Those who need a reminder of De Niro's capability to be an electrifying screen presence might consider giving this one a watch (or re-watch), as the actor's terrifically creepifying turn as Max Cady remains hypnotizing. Crowing his lines in a dirty southern accent and glowering like a man about to burn down the mental institution, De Niro makes Cady an effectively savage monster. Even so, the character is quick to remind us of the fractured logic of his cause: he wasn't given proper legal representation simply because Sam didn't like him, and his life was destroyed as a result (never mind the fact that Cady was guilty; the law is the law). Why should Sam be surprised when Cady is trying to destroy his life for the same reason?
Scorsese initially wanted Harrison Ford for the role of Sam, but Nolte is probably a better fit. The actor is effortlessly able to sell his barely contained rage and his willingness to wander down a slippery slope of increasingly unethical territory. Lange transforms a potentially disposable role into something riveting as the wife who has had just about enough of her husband's antics, while Lewis excels in a spectacularly icky scene of improvisation with De Niro midway through the film. Joe Don Baker is in top form as the cheerfully grubby private eye Sam hires, while Gregory Peck and Robert Mitchum make strong impressions in brief supporting roles (Mitchum kills his bemused final line: "Well pardon me all over the place.").
Cape Fear (Blu-ray) sails onto hi-def sporting a surprisingly terrific 1080p/2.35:1 transfer (Scorsese's first use of the 2.35:1 format, in fact). Scorsese's use of color is consistently fascinating, and the imagery really pops on this new disc. The level of detail is superb throughout, and you can see every little line of De Niro's tattoos (another Mitchum gem: "I don't know whether to look at him or read him.") and every crease in Nolte's worried face (admittedly, there are about 3000 fewer of these than his face contains these days). Blacks are rich and inky, shadow delineation is impressive (the chaotic nighttime action sequence at the end is thrillingly coherent in hi-def) and flesh tones are natural. There's a light layer of natural grain present throughout. The DTS HD 5.1 Master Audio track is also excellent, and I have to admit that I'm amazed how fantastic Bernstein's score sounds. The soundtrack CD is kind of disappointing, as the music sounds distant and somewhat poorly recorded. However, the film mix is vigorous and room-rattling. The busier material is pretty immersive and the final twenty minutes pack quite a punch. Supplements are ported over from the previous 2-disc DVD: an 80-minute documentary on the making of the film, some deleted scenes, a very brief "Behind the Scenes of the Fourth of July Parade" featurette, a photograph montage, a matte paintings montage, a handful of Saul Bass opening credits for others films and a trailer. Exclusive to this version, you get BD-Live, My Scenes and Pocket Blu.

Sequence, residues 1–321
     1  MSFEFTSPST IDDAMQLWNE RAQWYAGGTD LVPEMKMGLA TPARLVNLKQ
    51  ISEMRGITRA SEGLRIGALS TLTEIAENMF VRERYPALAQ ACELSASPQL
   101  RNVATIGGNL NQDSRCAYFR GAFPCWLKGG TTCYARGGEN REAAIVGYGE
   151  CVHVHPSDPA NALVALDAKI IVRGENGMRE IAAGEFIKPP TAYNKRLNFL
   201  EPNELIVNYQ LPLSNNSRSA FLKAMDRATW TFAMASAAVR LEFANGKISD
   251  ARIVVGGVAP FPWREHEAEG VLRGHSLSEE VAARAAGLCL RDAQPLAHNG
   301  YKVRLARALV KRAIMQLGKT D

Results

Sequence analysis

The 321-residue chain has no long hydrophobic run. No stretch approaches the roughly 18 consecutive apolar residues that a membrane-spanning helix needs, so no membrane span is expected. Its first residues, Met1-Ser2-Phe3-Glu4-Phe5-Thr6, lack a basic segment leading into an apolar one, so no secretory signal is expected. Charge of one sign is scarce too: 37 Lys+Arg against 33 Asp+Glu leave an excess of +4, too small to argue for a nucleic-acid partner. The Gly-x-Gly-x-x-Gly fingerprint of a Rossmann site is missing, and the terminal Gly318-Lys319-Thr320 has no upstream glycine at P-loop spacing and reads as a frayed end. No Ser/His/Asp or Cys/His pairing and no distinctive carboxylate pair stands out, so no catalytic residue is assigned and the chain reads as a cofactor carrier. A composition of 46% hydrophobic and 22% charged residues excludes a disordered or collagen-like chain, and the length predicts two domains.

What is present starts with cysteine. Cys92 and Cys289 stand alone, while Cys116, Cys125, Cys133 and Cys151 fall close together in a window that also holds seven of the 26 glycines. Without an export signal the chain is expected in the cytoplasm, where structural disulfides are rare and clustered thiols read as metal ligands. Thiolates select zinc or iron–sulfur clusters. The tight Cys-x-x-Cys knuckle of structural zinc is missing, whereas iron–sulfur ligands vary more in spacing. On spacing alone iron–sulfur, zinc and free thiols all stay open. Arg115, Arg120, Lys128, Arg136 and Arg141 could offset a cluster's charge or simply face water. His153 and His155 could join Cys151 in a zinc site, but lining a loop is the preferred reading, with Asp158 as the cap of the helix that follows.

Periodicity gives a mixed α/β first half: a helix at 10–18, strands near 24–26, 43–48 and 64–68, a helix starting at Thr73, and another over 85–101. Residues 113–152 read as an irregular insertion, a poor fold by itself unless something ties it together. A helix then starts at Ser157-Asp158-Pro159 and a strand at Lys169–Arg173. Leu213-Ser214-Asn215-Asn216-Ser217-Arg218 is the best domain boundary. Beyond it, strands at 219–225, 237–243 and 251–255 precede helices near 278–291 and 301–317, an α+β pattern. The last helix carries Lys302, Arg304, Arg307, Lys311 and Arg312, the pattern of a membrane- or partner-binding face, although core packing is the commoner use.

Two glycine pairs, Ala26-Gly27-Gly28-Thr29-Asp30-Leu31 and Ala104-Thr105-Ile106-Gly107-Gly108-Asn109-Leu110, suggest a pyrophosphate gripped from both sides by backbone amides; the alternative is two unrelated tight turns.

Cape Fear is often unfairly dismissed as lesser Scorsese; it was branded as such by many upon its release due to the fact that it was the director's follow-up to his great Goodfellas. This is a terrific thriller boasting some magnificent acting and directed with a stylish sense of appreciation for cinema history. The Blu-ray looks and sounds excellent, too.
Review content copyright © 2011 Clark Douglas; Site layout and review format copyright © 1998 - 2015 HipClick Designs LLC
Scales of Justice
* 2.35:1 Non-Anamorphic (1080p)
* DTS HD 5.1 Master Audio (English)
* DTS 5.1 Surround (French)
* English (SDH)
Running Time: 128 Minutes
Release Year: 1992
MPAA Rating: Rated R
* Deleted Scenes
* Credit Sequences
* Pocket Blu
* My Scenes